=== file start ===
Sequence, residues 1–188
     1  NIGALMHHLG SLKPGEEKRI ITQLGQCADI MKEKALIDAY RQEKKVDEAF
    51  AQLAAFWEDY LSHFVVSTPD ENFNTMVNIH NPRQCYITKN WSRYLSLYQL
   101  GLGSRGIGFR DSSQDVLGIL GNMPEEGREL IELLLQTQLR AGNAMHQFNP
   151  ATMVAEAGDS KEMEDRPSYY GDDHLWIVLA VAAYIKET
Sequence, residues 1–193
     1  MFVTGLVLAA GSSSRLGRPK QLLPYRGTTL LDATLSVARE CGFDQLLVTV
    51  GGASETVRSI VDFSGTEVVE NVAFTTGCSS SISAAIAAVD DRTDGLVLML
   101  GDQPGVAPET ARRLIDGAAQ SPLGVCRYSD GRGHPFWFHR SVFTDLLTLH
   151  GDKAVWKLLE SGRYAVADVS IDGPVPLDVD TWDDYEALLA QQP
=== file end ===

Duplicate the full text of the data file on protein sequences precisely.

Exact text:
Sequence, residues 1–188
     1  NIGALMHHLG SLKPGEEKRI ITQLGQCADI MKEKALIDAY RQEKKVDEAF
    51  AQLAAFWEDY LSHFVVSTPD ENFNTMVNIH NPRQCYITKN WSRYLSLYQL
   101  GLGSRGIGFR DSSQDVLGIL GNMPEEGREL IELLLQTQLR AGNAMHQFNP
   151  ATMVAEAGDS KEMEDRPSYY GDDHLWIVLA VAAYIKET
Sequence, residues 1–193
     1  MFVTGLVLAA GSSSRLGRPK QLLPYRGTTL LDATLSVARE CGFDQLLVTV
    51  GGASETVRSI VDFSGTEVVE NVAFTTGCSS SISAAIAAVD DRTDGLVLML
   101  GDQPGVAPET ARRLIDGAAQ SPLGVCRYSD GRGHPFWFHR SVFTDLLTLH
   151  GDKAVWKLLE SGRYAVADVS IDGPVPLDVD TWDDYEALLA QQP